Not too bad you say? Every child needs to grow up and accept some hard won honesty? Especially while you drive through the country in a minivan? Maybe a brief (and by no means complete) list of complete and utter truths we saw fit to fling at the Darling children will change your mind.

A quick note- although all of these brutal truths were borne of stressed induced traveling hysteria, they were also delivered calmly and in a pleasant cheerful tone... I‘m pretty sure the psychic scars will heal right quick.
  • “Buffaloes are wild animals. That is why you can’t go out of the car and pet it and have me take a picture. If you’d like to see a picture here is one the ranger gave me. This is also why we are not going to ‘shoo’ the buffalos away from our car, we will just wait till they move and then we will drive quickly away.”
  • “It’s called a gentleman’s club because it’s a place where women take of their clothes and dance for money that’s why we can’t go there for dinner.”
  • “We aren’t driving through a lake. This is what is called massive flooding- see the people in the orange jackets putting up sandbags? This is why we can’t go to the playground- the playground is under water.”
  • “Those people are screaming because they are drunk. They have ingested too much alcohol and when you do this you become stupidly drunk and don’t use your best words. Let’s keep walking.”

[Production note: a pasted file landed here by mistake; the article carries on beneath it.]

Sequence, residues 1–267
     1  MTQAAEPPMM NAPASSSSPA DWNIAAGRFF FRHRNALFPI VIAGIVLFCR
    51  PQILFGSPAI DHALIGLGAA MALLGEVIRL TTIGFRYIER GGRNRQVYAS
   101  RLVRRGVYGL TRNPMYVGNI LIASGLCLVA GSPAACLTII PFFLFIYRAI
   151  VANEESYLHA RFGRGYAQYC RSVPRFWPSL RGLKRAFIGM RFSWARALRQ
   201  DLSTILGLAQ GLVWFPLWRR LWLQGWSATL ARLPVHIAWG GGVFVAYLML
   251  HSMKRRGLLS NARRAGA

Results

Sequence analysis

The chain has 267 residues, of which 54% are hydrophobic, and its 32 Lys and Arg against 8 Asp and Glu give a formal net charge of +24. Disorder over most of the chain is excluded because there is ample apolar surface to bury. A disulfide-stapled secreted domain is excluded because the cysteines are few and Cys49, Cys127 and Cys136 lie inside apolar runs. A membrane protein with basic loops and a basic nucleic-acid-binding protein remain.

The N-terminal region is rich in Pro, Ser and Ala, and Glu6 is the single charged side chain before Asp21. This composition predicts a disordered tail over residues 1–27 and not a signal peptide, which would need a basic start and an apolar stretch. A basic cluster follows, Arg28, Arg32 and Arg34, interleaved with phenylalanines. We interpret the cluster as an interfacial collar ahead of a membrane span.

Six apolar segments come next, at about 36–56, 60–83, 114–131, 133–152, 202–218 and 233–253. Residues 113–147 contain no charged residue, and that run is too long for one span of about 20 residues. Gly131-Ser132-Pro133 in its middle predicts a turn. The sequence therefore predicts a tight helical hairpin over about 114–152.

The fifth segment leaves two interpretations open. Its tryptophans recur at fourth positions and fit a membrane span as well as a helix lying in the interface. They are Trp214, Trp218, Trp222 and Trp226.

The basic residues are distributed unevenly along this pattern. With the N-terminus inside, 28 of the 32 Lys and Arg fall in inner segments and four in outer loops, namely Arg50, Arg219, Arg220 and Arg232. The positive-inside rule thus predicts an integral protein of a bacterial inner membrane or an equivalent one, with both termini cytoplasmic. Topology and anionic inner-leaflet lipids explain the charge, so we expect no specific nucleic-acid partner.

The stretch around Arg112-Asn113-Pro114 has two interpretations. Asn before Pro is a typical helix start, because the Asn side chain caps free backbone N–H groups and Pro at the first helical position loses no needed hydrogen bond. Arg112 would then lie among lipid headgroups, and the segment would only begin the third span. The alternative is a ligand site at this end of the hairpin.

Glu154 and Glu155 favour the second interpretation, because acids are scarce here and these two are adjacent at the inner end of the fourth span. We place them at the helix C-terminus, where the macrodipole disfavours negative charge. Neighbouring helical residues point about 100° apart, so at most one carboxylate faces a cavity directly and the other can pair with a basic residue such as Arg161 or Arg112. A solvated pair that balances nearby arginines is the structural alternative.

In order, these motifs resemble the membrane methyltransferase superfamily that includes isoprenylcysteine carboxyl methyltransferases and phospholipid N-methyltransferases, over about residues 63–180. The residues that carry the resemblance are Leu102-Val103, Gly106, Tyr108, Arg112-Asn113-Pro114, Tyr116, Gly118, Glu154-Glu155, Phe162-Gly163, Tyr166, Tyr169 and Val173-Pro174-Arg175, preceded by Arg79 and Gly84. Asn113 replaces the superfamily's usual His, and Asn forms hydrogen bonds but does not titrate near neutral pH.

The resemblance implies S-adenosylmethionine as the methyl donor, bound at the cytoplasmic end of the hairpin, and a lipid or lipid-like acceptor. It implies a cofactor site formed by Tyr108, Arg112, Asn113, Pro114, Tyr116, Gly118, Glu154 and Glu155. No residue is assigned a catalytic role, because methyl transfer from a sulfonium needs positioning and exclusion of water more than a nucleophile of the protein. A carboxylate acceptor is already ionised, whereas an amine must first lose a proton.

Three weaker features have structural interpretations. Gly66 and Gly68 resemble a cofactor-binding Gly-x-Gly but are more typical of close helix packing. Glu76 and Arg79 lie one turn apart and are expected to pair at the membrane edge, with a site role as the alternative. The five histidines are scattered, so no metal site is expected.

• “Our car sounds funny because there is something wrong with the car. We cannot ask anyone to fix it because, in your parents’ smart choice to see the real off-the-interstate America, we have yet to see another living soul for the past two hours. Our only hope is to drive as fast as we can for as long as we can until we find a place that has a repair shop and a hotel.”
  • “Cooking meth means making drugs that will make you even more stupid than being drunk. We are not coming back to this hotel because this is where some not nice people were cooking meth. This has nothing to do with food. Get in the car now.”
  • “People are talking about a grizzly attacking a camper because a grizzly did attack a camper yesterday. They say the best thing to do it not to startle a bear by quietly coming upon it - so let’s keep being LOUD.”
Last parting honesty shot the evening we got home: “Your stomach is cramping because I have given a lovely dinner of whole wheat pasta, a salad, and strawberries for dessert. About 17 days ago I discovered that there was nothing to offer you for lunch in the middle of nowhere but cheese sticks, a banana from yesterdays’ free breakfast and a crumpled bag of goldfish dug out from under the car seat washed down with a lukewarm cherry coke. It was then I realized that there was no going back and we were going to have to pray that the hiking will counteract the deep fried crunchy goodness that would be your diet until we lit on for home. In an ideal situation, you will always remember this feeling of tummy war and will thank me then next time we bypass a happy meal and offer an apple with hummus as an alternative.”

But you won’t. That’s ok. The truth is that if we ever again have to drive across the country in a minivan I know it will be worth it because I’m with you.

(c)Herding Turtles, Inc. 2009 - 2011